By Chuck Nowlen
New and potentially explosive tensions between the United States and Cuba are threatening Madison’s cultural and humanitarian travel missions to Cuban sister city Camaguey.
Especially troublesome to the Madison-Camaguey Sister City Association is the Bush administration’s recent cancellation of U.S. “people to people” educational licenses for travel to Cuba, association members said Wednesday night.
The Madison group had a people-to-people license - as well as a humanitarian license - until the cancellation, which came in the wake of a spring crackdown on dissidents by Fidel Castro and the summary execution of three people who tried to hijack a Havana ferry to the United States.
The Madison group’s humanitarian license also expired as its most recent mission concluded in mid-April, prompting many members to worry about whether it will ever be renewed.
“Our very limited right to travel is at stake now,” association director Ricardo Gonzalez told about 30 members gathered at the downtown Madison Public Library. “It’s endangered or possibly subject to even more restrictions, even though what we do is advance many of the interests of the United States.”
The 80-member Madison-Camaguey association has sponsored more than 20 cultural and humanitarian trips to Cuba since the group was formed in 1994.
During one trip, a Madison contingent delivered a sorely needed EKG heart monitor to a hospital in Camaguey, Gonzalez noted. Until then, the city had only one EKG machine to serve its population of 300,000.
To date, the association has also raised almost $1 million in donations for projects in Camaguey.
Association board member Jon Heimrich said the group would apply for another humanitarian license by the end of June.
But many members worried that in light of the Bush administration’s hostility to the Castro government, even a humanitarian license might be rejected or significantly delayed.
“In the past, it’s been a simple six-week process, but now it’s estimated at three to four months, minimum,” member James Sykes said.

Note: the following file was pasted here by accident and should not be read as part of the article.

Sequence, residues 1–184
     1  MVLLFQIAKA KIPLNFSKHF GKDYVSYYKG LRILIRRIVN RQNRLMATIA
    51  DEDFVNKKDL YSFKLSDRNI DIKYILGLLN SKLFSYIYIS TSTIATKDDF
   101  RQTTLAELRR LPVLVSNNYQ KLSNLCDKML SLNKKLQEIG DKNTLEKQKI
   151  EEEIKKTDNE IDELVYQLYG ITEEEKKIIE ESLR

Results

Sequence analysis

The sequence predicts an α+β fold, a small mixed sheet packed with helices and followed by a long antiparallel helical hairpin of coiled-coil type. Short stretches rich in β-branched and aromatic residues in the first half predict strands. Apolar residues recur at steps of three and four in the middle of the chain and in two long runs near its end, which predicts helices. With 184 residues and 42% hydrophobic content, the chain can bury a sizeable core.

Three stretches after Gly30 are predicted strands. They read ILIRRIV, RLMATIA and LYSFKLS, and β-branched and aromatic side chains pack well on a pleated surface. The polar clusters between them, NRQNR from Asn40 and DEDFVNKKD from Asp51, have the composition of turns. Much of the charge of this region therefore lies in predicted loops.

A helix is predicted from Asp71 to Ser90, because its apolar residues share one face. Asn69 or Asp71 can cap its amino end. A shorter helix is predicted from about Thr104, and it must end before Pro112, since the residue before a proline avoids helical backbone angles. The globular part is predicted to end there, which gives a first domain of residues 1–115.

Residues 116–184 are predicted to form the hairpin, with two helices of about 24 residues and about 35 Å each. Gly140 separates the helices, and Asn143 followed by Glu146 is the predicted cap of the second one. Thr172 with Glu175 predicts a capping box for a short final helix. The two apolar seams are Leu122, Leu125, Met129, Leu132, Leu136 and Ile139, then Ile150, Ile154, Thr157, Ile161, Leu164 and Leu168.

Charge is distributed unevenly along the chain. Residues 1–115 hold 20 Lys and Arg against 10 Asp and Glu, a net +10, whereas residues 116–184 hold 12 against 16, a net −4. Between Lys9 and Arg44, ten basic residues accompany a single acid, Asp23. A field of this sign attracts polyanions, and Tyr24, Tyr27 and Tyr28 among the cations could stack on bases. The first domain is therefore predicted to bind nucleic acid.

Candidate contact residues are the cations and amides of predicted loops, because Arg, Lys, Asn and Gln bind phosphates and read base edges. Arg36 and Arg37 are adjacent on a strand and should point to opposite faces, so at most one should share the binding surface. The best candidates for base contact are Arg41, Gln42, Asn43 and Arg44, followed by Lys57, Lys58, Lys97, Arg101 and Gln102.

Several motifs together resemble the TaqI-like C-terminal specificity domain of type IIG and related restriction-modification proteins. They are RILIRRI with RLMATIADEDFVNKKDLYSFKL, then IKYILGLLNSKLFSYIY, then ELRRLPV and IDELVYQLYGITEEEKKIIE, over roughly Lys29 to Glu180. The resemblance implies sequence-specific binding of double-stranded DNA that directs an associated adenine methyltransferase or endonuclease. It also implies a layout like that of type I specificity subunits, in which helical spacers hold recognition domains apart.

Added Heimrich: “One of the peculiar things in looking at the (new) regulations is that they are not bound by a time frame - it’s completely open-ended.”
Several group members also raised the possibility that fresh off an overwhelming military victory in Iraq, the Bush administration might be targeting Cuba for invasion.
“It doesn’t take a rocket scientist to figure out that Fidel Castro and Cuba’s leaders have to be worried whether Cuba is next,” Gonzalez said, citing a continuing U.S. economic embargo and Cuba’s presence on the United States’ list of terrorist countries.
“Since the days of Thomas Jefferson, the U.S. has been obsessed with occupying that island. ... For the first time, I think we can really see a situation where one thing will lead to another and we will see military intervention.”
Association member Robert Kimbrough added that he suspects the Bush administration of forcing Castro’s hand on the dissident crackdown and the ferry hijackers. He noted, for example, that one newly appointed U.S. diplomat openly met and encouraged Castro’s political enemies in Cuba.
Meanwhile, Paula Bonner, president and CEO of the Wisconsin Alumni Association, also expressed regret about the people-to-people license cancellation.
Bonner’s group sponsored 40-person alumni tours to Cuba in March 2002 and 2003 after acquiring such licenses, but will now be forced to stop organizing the tours.
“We’re just very, very sad about it,” she said in a telephone interview Wednesday night. “These were very much cultural and educational tours, and it’s just a shame to have to lose that opportunity for continued international understanding.”